The case arrayed against young Edalji was preposterous. As an astigmatic myopic he was incapable of complicated nocturnal excursions; the vicarage was surrounded on the night of 17 August by a cordon of men through which he could not have penetrated; apparently incriminating dirty razors found in a police search of the vicarage were stained with rust, not blood; putatively incriminating mud found on his clothes and boots did not come from the field where the horse was slaughtered; horse hairs which police claimed to have found on his coat were probably threads; his father’s sworn oath that they had slept the night in the same room behind a locked door was disregarded. After George Edalji was condemned to seven years’ penal servitude, his family was brutally baited.
Edalji was convicted and sentenced to seven years hard labour. Edalji’s defence did not mention his eyesight; Edalji later said that he had been told by his lawyers that the prosecution case was so weak that he was sure to be acquitted, and thus it was unnecessary to bring up how poor his vision was. Some 10,000 signatures, including hundreds from lawyers, were on petitions that protested the conviction. Some legal figures thought that it was improper under English evidence law for Edalji to be sent for trial charged with separate offences of sending a threatening letter and a pony maiming, and then having evidence about letters used to help convict him of the maiming, which was the sole offence for which he was tried.
R.D. Yelverton, former Chief Justice in the Bahamas, thought that the case for the prosecution had been conclusively disproved. He asked: “How could a gentleman in the position and of the education of Mr. Edalji, be supposed to write the following, put by the Prosecution before the Jury, as written by him. (They were sent either to the Police or to himself). ‘You great hulking blackguard and coward I have got you fixed you dirty Cad – bloody monkey!’”
Sir Arthur Conan Doyle, then second only to Rudyard Kipling as a celebrated British writer, became the most influential supporter of the public campaign for Edalji’s pardon. The weight that Conan Doyle’s opinion on the case carried with the public stemmed from the appeal of his fictional master detective Sherlock Holmes, which associated the author with Holmesian traits of close attention to detail and drawing logical inferences. These were valid principles that outlined the scientific method, according to Maria Konnikova. Boiled down, the idea was that cool reflection on what “an observant man might learn by an accurate and systematic examination of all that came in his way” enabled one “to use observation to deduce meaning from an otherwise meaningless fact.”[This quote needs a citation] In contrast, the natural human tendency was to “spontaneously construct narratives, and firmly believe in their veracity”, which – as Konnikova writes – is exemplified by the cognitive style of Dr. Watson, in which “it is incredibly difficult to resist our desire to form narratives, to tell stories even if they may not be altogether correct, or correct at all.” As his creator admitted, Holmes was an idealised reasoner without light or shade.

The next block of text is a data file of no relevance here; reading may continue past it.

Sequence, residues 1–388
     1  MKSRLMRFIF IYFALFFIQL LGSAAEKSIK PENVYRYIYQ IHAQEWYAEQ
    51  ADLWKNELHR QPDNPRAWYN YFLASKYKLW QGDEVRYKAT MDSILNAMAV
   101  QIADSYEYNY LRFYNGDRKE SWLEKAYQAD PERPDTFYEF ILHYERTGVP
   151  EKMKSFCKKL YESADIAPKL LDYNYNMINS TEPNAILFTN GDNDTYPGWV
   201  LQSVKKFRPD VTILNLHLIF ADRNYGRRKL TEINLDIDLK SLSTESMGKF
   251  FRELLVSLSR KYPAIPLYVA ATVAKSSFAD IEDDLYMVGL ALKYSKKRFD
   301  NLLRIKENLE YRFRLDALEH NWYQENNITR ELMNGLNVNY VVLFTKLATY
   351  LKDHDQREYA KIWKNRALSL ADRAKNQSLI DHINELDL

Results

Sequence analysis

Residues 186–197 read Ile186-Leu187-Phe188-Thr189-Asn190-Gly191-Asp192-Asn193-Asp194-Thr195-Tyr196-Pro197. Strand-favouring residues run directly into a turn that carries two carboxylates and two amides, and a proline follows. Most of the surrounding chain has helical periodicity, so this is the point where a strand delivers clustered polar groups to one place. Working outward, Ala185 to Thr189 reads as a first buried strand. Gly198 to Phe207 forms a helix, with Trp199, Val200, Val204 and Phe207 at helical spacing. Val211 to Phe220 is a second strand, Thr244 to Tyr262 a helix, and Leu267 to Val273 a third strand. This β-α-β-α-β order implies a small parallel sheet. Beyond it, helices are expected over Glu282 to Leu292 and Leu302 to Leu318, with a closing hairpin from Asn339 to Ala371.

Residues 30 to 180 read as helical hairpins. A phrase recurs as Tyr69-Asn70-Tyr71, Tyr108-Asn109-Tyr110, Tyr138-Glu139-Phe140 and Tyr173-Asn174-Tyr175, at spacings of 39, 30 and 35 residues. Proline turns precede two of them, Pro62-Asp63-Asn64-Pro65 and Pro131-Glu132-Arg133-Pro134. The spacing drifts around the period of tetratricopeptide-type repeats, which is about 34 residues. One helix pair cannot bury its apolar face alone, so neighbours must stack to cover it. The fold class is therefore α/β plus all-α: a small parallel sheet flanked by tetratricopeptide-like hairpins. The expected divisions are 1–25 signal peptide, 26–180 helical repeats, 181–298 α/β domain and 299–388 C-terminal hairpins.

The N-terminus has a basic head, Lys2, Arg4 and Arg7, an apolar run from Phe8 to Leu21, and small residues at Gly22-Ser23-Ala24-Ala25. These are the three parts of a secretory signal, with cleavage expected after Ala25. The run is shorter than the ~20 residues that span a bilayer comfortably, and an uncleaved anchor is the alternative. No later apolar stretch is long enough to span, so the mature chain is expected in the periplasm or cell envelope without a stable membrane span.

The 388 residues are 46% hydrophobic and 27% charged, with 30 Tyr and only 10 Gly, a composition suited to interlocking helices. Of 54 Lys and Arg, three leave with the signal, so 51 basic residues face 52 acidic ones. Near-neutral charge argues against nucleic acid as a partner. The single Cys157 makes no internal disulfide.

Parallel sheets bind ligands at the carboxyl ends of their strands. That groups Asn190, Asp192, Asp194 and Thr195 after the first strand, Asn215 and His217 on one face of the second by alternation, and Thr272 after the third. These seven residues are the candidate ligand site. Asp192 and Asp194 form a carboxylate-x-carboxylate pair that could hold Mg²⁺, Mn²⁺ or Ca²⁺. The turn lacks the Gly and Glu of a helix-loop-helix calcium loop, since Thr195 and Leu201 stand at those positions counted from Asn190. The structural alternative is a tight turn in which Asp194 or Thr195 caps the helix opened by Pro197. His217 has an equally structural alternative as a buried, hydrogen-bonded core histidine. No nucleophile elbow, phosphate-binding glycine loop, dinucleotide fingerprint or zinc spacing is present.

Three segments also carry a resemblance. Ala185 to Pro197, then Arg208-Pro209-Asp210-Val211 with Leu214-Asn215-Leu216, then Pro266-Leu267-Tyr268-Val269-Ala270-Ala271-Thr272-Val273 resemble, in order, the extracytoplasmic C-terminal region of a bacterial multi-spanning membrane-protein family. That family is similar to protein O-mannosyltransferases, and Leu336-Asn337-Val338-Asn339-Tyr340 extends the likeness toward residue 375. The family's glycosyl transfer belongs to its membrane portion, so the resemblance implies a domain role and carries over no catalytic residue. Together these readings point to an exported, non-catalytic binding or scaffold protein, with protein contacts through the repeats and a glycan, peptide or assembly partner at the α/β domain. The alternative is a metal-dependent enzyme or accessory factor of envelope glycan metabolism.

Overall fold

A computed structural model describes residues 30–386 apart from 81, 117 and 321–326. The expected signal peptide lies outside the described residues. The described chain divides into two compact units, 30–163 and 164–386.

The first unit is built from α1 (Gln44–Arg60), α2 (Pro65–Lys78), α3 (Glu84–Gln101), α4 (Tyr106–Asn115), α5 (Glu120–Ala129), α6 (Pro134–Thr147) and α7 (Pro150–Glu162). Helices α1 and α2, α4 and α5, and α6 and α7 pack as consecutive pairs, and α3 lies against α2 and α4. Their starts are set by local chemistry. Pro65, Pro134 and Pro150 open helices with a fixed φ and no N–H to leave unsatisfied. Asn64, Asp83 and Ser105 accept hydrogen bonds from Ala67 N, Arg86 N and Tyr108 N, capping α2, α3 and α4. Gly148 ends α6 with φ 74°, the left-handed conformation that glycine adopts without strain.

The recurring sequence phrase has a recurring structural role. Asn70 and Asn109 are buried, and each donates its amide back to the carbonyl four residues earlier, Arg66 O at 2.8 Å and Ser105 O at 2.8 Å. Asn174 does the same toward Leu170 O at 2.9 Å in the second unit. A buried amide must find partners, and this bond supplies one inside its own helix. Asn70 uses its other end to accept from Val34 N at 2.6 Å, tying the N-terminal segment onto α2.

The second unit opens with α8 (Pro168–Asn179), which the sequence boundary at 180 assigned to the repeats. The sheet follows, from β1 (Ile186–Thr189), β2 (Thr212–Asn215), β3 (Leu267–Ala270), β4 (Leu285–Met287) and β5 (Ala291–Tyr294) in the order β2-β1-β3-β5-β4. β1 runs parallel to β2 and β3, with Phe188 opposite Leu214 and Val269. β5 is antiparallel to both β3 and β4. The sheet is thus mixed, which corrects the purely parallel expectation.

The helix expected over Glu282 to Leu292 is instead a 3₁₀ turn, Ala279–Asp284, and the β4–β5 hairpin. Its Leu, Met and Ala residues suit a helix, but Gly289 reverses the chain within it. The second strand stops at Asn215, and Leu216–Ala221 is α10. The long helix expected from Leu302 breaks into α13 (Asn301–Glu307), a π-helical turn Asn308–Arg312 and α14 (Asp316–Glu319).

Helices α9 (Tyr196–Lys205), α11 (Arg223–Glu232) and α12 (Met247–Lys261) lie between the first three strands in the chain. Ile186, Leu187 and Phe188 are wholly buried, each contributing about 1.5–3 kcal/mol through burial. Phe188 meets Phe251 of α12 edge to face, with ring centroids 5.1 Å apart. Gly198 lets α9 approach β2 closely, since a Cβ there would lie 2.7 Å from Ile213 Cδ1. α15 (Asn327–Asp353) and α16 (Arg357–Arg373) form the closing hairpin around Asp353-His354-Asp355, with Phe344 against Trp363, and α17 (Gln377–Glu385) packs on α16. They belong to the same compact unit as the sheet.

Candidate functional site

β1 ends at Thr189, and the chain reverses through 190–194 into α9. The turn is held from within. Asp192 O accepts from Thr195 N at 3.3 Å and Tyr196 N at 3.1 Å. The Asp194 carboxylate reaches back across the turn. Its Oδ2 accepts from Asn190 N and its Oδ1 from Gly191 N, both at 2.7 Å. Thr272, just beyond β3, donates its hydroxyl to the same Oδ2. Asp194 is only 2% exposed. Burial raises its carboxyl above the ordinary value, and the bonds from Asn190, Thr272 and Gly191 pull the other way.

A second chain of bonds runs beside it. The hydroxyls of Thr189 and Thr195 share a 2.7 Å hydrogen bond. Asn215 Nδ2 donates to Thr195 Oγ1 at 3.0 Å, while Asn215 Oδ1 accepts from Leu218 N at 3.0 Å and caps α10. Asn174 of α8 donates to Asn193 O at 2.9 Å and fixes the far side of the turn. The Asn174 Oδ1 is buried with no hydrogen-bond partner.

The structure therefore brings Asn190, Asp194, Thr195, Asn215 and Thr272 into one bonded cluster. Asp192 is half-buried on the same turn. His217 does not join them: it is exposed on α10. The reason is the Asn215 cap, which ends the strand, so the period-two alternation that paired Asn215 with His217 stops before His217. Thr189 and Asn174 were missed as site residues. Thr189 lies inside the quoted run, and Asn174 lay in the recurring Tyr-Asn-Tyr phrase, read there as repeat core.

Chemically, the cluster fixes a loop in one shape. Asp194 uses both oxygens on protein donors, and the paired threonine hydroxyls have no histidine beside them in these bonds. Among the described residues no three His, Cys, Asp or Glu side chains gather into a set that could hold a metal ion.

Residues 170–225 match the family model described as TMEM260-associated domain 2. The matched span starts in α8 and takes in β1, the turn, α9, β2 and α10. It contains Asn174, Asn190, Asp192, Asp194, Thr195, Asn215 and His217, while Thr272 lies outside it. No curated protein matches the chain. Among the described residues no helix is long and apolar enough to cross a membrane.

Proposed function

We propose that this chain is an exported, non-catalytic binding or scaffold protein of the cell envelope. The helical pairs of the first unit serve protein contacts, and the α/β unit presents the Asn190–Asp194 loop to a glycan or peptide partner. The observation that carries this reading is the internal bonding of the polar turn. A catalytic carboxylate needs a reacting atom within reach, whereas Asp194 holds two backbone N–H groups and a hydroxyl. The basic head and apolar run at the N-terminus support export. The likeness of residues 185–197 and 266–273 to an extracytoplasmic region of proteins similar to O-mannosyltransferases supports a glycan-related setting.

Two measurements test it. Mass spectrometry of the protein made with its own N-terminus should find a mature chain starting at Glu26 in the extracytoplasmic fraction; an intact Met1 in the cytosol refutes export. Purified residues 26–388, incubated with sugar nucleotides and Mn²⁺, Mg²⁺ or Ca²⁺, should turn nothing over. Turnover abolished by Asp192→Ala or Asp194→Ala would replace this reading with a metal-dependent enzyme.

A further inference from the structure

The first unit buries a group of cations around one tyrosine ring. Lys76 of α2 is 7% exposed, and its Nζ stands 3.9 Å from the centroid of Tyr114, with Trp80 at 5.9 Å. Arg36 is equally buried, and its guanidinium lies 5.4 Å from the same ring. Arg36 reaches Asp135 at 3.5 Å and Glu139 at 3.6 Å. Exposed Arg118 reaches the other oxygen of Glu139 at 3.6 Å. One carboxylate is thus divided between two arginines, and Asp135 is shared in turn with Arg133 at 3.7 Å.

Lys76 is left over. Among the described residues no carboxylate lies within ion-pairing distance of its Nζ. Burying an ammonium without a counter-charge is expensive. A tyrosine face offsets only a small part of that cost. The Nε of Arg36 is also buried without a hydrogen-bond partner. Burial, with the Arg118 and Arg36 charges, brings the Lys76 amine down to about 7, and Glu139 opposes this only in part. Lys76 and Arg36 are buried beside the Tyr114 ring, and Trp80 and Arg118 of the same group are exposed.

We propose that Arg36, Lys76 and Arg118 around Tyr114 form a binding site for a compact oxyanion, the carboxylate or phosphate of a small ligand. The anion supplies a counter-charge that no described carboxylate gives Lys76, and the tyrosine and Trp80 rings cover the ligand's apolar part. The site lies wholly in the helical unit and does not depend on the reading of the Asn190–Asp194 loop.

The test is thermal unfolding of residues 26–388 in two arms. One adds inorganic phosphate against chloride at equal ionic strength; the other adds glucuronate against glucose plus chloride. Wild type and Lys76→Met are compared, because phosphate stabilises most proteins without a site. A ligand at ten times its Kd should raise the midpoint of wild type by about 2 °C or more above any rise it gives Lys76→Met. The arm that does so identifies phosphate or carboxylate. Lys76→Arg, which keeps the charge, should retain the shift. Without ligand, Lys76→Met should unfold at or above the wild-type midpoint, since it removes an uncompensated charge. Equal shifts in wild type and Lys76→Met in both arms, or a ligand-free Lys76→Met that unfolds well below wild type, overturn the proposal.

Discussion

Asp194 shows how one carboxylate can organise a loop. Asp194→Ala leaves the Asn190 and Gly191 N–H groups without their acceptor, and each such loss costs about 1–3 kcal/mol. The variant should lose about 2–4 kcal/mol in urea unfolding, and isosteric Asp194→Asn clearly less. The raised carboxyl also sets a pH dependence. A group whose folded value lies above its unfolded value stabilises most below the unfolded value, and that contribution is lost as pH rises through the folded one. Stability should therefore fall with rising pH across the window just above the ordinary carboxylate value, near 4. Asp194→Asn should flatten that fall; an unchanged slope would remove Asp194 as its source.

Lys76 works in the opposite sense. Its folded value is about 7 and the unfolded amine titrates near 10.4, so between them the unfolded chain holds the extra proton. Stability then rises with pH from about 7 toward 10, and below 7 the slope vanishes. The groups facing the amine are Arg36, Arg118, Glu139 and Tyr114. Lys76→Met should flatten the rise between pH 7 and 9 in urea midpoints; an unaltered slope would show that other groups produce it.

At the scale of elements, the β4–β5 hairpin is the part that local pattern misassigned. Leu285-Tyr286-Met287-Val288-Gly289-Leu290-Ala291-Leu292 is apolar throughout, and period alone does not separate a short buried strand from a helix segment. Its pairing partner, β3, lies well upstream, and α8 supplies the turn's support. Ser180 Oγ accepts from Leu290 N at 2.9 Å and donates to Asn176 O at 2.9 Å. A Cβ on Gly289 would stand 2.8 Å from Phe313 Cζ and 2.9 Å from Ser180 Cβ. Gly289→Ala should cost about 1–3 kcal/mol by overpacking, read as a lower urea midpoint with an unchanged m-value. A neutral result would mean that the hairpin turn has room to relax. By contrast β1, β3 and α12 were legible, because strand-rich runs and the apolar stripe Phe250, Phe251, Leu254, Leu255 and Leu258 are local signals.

Conan Doyle arrived to meet with Edalji at a hotel after becoming interested in the case, and he recalled that he paused to study Edalji, who was passing the time reading a newspaper while waiting in the lobby. On observing how Edalji held the paper at an angle inches from his face, Conan Doyle was convinced that Edalji was innocent; he believed it impossible for someone with eyesight as bad as Edalji’s to have moved through the countryside after nightfall attacking animals and successfully evading the police.
Anson corresponded with Conan Doyle and met with him in January 1907 to discuss the case, but relations became acrimonious between them two days later when Anson was informed by Conan Doyle that he intended to campaign for Edalji to be given a pardon. Anson thought that a firm conclusion could not have been reached from a neutral standpoint in that amount of time, and that Conan Doyle had obtained his co-operation and an interview by misrepresenting himself as having no settled opinion about the case. Conan Doyle wrote to the Home Office saying that Anson had implied homosexual incest between the Reverend and Edalji. Anson insisted that he did no such thing.